Malaysia Airlines’ new business class seats on its Airbus A330-300 fleet represent the carrier’s focus on improving the passenger experience amid ongoing operational and behind-the-scenes changes at rehabilitating the loss-making carrier.
Since taking over as chief executive in August 2015, Christoph Muller and his management team has cut routes, disposed of surplus aircraft and slashed the workforce by about 30 per cent in an effort to turn around the airline’s financial performance.
While ongoing, those efforts have already yielded some promising results, with Malaysia Airlines reporting revenue per available seat kilometre (RASK) grew 10 per cent in the three months to February 2016. Load factors were also up in the quarter.
Malaysia head of sales Laurent Recoura says the new business class seats being installed on the A330-300 fleet is something new and fresh for the customer.
The airline displayed a working model of its business class seat at a function for the travel trade and other invited guests at a function in Sydney on Wednesday, which also featured a musical performance from Australian singer Kate Cebrano.
“Now is the time where we need to deliver more new products, because in the eyes of the public sometimes we hear ‘you guys, you’ve been very busy but we didn’t see something for us, the customer’,” Recoura told guests at the function.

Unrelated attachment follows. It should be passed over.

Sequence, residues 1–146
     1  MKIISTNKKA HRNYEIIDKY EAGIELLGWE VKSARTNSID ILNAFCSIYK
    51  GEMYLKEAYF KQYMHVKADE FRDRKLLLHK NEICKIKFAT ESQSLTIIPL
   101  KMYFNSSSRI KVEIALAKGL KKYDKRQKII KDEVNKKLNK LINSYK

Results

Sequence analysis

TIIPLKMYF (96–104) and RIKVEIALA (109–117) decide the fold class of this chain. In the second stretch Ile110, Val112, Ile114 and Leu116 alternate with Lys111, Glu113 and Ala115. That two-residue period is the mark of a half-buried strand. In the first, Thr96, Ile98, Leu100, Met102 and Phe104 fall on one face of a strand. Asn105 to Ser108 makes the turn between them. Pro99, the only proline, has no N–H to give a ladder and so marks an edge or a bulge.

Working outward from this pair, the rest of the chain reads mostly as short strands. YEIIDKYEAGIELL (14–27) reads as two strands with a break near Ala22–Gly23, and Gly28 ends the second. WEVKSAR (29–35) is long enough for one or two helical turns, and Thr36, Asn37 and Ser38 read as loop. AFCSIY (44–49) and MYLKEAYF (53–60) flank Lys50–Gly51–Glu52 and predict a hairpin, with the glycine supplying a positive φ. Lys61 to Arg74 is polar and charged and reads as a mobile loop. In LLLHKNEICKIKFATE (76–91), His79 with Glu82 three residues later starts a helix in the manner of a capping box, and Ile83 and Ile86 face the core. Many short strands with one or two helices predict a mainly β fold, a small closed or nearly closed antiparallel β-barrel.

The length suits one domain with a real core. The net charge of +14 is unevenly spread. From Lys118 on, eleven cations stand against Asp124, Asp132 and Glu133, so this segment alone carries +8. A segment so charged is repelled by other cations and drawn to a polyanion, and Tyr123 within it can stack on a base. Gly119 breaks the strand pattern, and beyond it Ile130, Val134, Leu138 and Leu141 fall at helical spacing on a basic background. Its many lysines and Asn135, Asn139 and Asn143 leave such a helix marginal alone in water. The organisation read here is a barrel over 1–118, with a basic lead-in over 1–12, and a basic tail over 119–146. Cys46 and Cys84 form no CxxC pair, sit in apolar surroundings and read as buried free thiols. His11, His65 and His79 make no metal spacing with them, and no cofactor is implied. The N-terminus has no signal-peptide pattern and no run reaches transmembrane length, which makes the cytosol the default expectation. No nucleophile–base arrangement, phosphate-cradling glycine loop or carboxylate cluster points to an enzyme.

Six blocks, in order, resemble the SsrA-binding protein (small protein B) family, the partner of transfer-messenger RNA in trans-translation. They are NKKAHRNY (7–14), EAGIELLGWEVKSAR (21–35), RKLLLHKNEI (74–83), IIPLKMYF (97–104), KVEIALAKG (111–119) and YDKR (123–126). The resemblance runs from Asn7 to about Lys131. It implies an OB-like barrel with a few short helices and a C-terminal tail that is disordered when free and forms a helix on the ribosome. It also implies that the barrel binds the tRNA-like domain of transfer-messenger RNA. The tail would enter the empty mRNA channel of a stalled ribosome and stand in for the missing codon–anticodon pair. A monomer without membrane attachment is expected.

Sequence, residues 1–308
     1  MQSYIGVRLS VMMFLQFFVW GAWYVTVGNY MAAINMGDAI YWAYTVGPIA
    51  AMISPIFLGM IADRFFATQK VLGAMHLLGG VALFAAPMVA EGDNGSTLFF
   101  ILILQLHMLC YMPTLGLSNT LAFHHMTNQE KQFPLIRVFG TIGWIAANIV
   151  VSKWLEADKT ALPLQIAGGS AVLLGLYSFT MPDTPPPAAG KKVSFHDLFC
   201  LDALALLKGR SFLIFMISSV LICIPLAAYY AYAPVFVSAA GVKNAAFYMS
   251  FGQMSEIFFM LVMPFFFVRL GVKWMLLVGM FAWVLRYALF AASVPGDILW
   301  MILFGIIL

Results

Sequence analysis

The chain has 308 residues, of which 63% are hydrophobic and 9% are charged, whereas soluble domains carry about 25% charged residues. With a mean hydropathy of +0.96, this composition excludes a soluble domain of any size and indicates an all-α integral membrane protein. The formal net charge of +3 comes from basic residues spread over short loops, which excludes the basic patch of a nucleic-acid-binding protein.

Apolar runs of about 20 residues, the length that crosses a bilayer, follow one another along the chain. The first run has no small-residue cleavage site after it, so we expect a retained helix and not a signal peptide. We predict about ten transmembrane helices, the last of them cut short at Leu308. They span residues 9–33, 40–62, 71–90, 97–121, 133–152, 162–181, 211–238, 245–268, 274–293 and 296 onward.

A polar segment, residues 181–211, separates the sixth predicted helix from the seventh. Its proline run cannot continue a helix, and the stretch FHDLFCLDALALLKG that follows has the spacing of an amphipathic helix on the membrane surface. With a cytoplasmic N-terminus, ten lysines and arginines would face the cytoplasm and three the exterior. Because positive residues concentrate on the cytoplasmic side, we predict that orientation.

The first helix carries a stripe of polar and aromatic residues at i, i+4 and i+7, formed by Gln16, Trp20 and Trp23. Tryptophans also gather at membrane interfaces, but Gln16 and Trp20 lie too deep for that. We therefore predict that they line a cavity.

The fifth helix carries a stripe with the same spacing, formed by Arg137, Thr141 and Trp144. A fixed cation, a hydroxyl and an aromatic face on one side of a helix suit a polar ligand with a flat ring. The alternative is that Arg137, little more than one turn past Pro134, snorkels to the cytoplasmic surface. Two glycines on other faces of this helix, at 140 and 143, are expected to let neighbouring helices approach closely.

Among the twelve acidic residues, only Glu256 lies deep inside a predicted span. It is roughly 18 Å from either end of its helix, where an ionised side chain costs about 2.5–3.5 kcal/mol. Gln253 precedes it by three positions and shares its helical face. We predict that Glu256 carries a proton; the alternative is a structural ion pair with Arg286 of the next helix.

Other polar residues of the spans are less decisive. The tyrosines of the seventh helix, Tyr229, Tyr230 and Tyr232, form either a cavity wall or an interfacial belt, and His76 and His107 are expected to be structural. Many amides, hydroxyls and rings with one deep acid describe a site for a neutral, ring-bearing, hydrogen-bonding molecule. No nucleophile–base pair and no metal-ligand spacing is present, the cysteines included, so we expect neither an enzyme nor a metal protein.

“Right now, the message we are sending to the industry and to the world: we are back in the game.
“We have something fresh and innovative. It’s a very nice product.”
Malaysia Airlines chose Sydney as the inaugural route to feature the Thompson Vantage seat, which coverts into a fully flat bed and is a significant upgrade from the previous angled lie-flat offering. The first flight was on March 23.
The refits of all 15 Airbus A330-300s were expected to be completed by September, with the business class cabin cut from 36 seats to 27 seats in the new 1-2-1 and 1-2-2 configuration. The 43-inch seat pitch coverts into a 76-inch flat bed.
There were no changes to the economy cabin. The aircraft serves Australia, Asia and New Zealand from the airline’s Kuala Lumpur hub.
“The introduction of the A330 Business Class seat will make us more competitive against other full-service carriers and is part of our push to make Malaysia Airlines the preferred carrier to, from and around Malaysia,” Malaysia Airlines chief commercial officer Paul Simmons said in a statement.
“This is the start of an exciting roll-out of new, innovative and personalised products and services that we can’t wait to share with our guests.”
A version of the Malaysia Airlines’ Thompson Vantage seat was also found on airlines such as Austrian, Delta and India’s Jet Airways.
Recoura said the airline was hoping to grow inbound tourism to Malaysia, which has a sizeable domestic market.
“You have seen a lot of adjustments in our network, we’ve cut a lot of capacity in a lot of markets, but what we are doing right now is also putting Malaysia, the destination, in the centre of our network,” Recoura said.
“We have a wonderful destination, it is a great country, we need to make more noise about it.”